CIUDAD JUAREZ, Mexico — Five more coronavirus deaths were reported in the city of Juarez on Tuesday, bringing the death toll to 163 as the caseload to date jumped to 696 infections.
The mounting fatality count in Juarez comes as a Mexican anti-corruption group alleges that virus deaths across the nation may be as much as three times higher than the official death toll. That’s based on a study in Mexico City, which has been the hardest hit community during the pandemic.
The organization Mexicans Against Corruption said in a report that it got access to a database of death certificates issued in Mexico City between March 18 and May 12. It showed that in explanatory notes attached to 4,577 death certificates, doctors included the words “SARS,” “COV2,” “COV,” “Covid 19,” or “new coronavirus.” The virus’ technical name is SARS-CoV-2.
The federal government acknowledges only 1,332 confirmed deaths in Mexico City since the pandemic began, less than a third as many as the investigation revealed.
Mexico performs relatively few tests; only about 150,000 have been carried out so far in a nation of about 125 million people. Federal officials admit some victims have died without being tested and have contended that cases in which death certificates mention coronavirus as a possible or probable cause of death will eventually be added to official death toll.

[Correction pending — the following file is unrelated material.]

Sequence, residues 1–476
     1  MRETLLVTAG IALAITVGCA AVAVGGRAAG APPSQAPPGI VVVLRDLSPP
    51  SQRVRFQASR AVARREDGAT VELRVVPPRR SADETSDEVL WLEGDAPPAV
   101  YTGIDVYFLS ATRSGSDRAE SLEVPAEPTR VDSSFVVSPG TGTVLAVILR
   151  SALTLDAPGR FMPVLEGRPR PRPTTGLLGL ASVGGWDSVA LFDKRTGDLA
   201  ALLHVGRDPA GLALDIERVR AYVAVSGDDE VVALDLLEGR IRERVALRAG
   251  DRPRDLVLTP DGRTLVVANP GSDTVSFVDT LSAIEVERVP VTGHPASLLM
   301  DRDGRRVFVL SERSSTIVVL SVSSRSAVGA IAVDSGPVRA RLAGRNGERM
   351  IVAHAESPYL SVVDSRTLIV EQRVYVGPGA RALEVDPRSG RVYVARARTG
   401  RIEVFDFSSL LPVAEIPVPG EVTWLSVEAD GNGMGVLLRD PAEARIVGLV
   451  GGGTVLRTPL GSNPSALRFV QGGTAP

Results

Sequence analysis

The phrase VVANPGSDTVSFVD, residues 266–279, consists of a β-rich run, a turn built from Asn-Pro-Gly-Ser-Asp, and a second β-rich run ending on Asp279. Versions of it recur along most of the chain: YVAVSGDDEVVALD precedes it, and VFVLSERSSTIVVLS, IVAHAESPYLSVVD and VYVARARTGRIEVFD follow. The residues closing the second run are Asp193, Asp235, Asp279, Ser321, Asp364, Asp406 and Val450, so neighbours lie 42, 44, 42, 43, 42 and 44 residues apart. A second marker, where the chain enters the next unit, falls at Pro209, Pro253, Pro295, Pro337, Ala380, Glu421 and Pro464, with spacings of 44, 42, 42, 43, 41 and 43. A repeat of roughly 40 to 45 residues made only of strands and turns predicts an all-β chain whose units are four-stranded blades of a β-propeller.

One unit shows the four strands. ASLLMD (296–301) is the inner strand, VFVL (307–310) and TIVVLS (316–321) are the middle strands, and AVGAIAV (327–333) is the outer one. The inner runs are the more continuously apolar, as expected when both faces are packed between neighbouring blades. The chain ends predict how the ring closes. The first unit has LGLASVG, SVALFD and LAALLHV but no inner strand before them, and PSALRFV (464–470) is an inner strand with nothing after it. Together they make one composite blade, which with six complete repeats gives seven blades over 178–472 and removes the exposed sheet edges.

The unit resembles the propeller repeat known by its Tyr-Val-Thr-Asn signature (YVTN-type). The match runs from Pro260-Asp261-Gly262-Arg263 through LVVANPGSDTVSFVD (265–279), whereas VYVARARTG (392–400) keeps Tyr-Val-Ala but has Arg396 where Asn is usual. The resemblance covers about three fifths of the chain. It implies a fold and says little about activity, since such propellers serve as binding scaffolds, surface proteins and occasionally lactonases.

President Andrés Manuel López Obrador has reacted angrily to reports that claim Mexico is under-counting its deaths on the federal level, and the anti-corruption group’s report was unlikely to please him. He has criticized the group the past for allegedly opposing his policies and representing business interests. He has mockingly called it “Mexicans For Corruption.”
The group’s founder is Claudio X. Gonzalez, a lawyer, activist and the son of a prominent business magnate.